Parents are calling for earlier screening of learning disability, Dyslexia, at the preschool level as early intervention could help dyslexic children cope up to four times better in school.
Dyslexia screening in Singapore
What is important to understand with dyslexia is that it has nothing to do with a person’s intelligence. Some parents think that if their child has been diagnosed with dyslexia that it is a death sentence, especially in the rigorous academic landscape that is Singapore.
So what is dyslexia?
Dyslexia is a learning disability where sufferers have problems processing information when looking at words. Symptoms include; having problems writing, speaking, spelling and doing math. For instance while a five year old who doesn’t suffer from the disability might take 20 minutes to do a group of math question, a dyslexic child could take up to two hours to do the same set of questions.
Dyslexia can range from mild to severe, however like any condition or disability, early detection is crucial. That’s why, according to a Channel News Asia report, there has been a clarion call by both parents and experts to have dyslexic screening start at the pre-school level instead of when the child is already in primary school which is when current screening is.
The earlier, the better
The difference between early screening and later screening is significant as a dyslexic child receiving early intervention could do up to four times better than one receiving help at the age of 11. According to the Dyslexia Association of Singapore (DAS), currently most students seek help between the ages of nine and 11.
Its chief operating officer, Lee Siang, said, “Ideally, there should be a large scale programme to identify children at a younger age. MOE has already started this at the P1 and P2 level. [but] If we can work with the preschool fraternity, to identify children at risk of dyslexia, I think that would be very good, and a big step towards helping these children much earlier.”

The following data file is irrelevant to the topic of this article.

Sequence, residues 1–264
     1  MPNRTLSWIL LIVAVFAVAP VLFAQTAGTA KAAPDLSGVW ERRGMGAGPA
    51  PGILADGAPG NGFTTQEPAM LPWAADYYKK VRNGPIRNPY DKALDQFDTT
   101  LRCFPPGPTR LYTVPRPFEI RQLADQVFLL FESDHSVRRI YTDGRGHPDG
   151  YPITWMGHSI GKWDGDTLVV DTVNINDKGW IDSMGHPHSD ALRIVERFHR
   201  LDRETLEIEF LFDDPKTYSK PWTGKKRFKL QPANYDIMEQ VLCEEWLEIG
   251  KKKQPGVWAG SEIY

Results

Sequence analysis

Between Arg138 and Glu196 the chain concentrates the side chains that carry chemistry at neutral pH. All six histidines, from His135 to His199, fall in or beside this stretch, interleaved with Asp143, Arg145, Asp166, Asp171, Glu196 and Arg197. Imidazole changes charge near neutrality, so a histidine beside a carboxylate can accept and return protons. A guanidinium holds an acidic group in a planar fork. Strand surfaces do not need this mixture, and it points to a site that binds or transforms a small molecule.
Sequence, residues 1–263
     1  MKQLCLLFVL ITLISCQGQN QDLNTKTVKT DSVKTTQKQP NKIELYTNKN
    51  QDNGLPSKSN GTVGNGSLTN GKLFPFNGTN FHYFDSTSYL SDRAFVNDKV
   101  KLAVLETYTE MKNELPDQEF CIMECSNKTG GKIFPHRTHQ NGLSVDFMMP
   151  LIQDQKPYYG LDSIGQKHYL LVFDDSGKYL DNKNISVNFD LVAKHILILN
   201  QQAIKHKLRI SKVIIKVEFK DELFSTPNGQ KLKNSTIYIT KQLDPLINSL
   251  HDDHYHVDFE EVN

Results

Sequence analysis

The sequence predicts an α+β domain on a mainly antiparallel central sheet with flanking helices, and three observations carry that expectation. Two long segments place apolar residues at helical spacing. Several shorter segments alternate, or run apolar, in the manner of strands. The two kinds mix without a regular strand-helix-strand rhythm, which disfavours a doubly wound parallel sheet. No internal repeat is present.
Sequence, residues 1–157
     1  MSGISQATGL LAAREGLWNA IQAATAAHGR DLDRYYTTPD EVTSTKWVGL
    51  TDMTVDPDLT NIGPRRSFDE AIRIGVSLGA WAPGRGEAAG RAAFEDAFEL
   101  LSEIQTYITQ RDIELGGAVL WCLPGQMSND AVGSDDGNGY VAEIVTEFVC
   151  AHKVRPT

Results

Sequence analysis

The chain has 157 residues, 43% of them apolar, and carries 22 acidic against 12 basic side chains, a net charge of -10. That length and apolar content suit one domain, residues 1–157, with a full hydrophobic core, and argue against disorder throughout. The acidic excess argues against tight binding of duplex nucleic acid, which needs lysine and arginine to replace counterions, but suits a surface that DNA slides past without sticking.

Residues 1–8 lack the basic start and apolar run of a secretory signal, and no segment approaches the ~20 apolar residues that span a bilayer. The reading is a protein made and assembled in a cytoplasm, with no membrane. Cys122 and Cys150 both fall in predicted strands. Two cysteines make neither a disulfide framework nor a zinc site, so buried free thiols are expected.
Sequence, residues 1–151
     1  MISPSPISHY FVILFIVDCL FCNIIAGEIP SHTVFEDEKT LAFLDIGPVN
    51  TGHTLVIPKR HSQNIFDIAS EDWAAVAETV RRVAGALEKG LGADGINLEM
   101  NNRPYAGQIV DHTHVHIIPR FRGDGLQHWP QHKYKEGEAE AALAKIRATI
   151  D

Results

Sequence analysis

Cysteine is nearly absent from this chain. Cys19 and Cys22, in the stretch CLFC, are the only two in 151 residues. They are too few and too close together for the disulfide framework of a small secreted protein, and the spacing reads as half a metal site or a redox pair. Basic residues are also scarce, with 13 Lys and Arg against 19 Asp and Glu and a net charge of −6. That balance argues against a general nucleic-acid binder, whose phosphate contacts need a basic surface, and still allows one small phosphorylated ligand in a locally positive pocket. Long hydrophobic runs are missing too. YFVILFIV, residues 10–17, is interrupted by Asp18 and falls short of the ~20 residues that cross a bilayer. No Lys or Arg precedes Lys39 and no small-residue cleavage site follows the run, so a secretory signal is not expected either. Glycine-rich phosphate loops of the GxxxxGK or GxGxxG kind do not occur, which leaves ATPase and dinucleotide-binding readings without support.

According to DAS, severe forms of dyslexia that require intervention can affect up to four percent of any population. This means that about 20,000 primary and secondary school students could be suffering from it at any one point of time.
Yet, only 2,400 students are currently supported by DAS which translates to over 15,000 students who might be struggling in school and not quite knowing why.
What you can do to help
Parents too can do their part by understanding the signs and symptoms of dyslexia and refer their children to the Dyslexia Association of Singapore for further testing. After all, if your child is suffering from the learning disability, and doesn’t know how to cope with it, he might get frustrated and stressed unnecessarily. So always remember to be patient, no matter how frustrated you too might be.
Hopes for the future
Moving forward, the DAS aims to have a special school especially for dyslexic children. They have recently re-submitted a proposal for a special school especially for dyslexic children to the Ministry of Education after feedback collected from parents through two surveys it conducted in 2005 and 2011.
Mr Lee added about the proposal, “The feedback is that parents wish for a school that is dedicated to dyslexic children — one with an MOE curriculum, and with teachers who are trained to teach in MOE schools. This has been a constant feedback from parents.”
A good move?
Sheryn Ong, a parent whose child has mild dyslexia, approves of such a school saying, “If there is a school for dyslexic children, you and I are the same — we’re on the same platform. The teacher and student ratio would be a lot less, so the teacher would be able to cope, even though children have different levels of dyslexia.”
Yet there are other parents who feel that there could be some social implications of their child going to a special school instead of a mainstream school, especially that of being thought of as different. A better alternative would be having specially assigned teachers attached to mainstream schools, who could give the dyslexic students extra help in overcoming their learning difficulties.